Articles Tagged with Fort Lauderdale theft defense

It wasn’t a good couple of days for Francis Keller. The 56-year-old was arrested for allegedly breaking into the U.S. Post Office where he worked for 30 years, and rifling through packages with plans to sell valuables he discovered in exchange for crack cocaine. A Boynton Beach police report indicated Keller had used an old security code to gain access to the building, on Seacrest Boulevard. He was reportedly intoxicated at the time. postoffice

He was booked into jail around 2:30 a.m. and was released about 12 hours later. By then, local news outlets had heard of the alleged offense and were working on stories detailing the work of the “Postal Grinch” for trying to steal packages containing gifts.

But Keller allegedly wasn’t finished. By the looks of a consecutive mug shot, he did have an opportunity to change clothes again. When he headed back out that night, he allegedly approached an employee at a drive-in to ask about a job. However, instead of continuing the conversation in that vein, he is accused of pulling a firearm from his waistband and demanding money. He then allegedly ran into the car parking lot, pointed a gun at the head of the driver and ordered him out of the vehicle.  Continue reading

Last year, a Pompano Beach man was convicted of a slew of burglary and robbery charges. He faced up to 60 years in prison. The judge deferred his sentence in lieu of probation. But then, he was stopped for driving without a license. He was hauled back into court and sentenced to the full 60 years in prison. Following widespread backlash, the Broward Circuit judge had a change of heart. Community leaders at a hearing promised to work with the 24-year-old defendant, Herbert Smith. They were going to help him find a job and keep him out of trouble. The judge agreed once again to suspend the 60-year prison term. The caveat was that any violation of that probation – no matter how minor – could result in that 60-year sentence being reinstated. police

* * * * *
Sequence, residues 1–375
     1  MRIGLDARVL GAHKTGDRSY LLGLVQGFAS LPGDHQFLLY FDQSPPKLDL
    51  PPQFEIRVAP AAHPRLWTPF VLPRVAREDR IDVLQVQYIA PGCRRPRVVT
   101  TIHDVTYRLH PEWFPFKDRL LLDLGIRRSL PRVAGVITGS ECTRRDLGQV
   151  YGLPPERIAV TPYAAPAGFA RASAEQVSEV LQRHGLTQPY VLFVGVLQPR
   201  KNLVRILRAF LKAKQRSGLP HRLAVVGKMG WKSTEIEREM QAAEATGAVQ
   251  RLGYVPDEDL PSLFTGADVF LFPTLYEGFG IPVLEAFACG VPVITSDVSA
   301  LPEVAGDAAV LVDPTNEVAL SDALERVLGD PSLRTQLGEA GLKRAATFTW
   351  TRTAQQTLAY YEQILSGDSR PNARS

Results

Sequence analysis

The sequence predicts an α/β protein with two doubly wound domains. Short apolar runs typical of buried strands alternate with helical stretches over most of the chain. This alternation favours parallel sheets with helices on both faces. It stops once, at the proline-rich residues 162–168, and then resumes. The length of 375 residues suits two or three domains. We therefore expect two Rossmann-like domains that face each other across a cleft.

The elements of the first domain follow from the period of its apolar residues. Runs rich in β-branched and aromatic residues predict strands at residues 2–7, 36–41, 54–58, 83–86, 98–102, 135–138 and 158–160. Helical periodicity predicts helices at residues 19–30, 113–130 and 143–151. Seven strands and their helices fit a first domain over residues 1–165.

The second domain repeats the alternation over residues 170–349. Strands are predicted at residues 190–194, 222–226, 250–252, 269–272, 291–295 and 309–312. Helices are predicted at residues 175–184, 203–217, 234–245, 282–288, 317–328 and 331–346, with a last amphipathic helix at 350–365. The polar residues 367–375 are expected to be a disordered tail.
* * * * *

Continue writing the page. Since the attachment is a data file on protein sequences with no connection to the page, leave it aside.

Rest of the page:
Then just before Thanksgiving of this year, Smith was arrested, accused of a burglary that took place in September. He was identified as one of two men who broke into a home in Parkland and heisted $30,000 worth of jewelry. It didn’t look good for the defendant, especially because probation violations don’t have to be proven beyond a reasonable doubt.

However, Smith got another break when prosecutors recently decided not to pursue the burglary charge or the probation violation. They dismissed both, finding there was not enough evidence to move forward.  Continue reading

It’s touted as a smart way to identify alleged thieves, drive down property crimes and return stolen possessions. It’s a spray called SmartWater CSI, and it’s a liquid that glows under ultraviolet light. The liquid is intended for spray on property or intruders, and it leaves a residue that is detectable on people for several weeks and on property for years. keyhole

Since more than two dozen law enforcement agencies in South Florida signed up to use the liquid, 11 say property crimes have taken a nosedive. However, it’s only resulted in half a dozen arrests and in no case has stolen property been recovered and returned to its owner. In fact, a number of law enforcement agencies say it doesn’t seem as if the product actually works.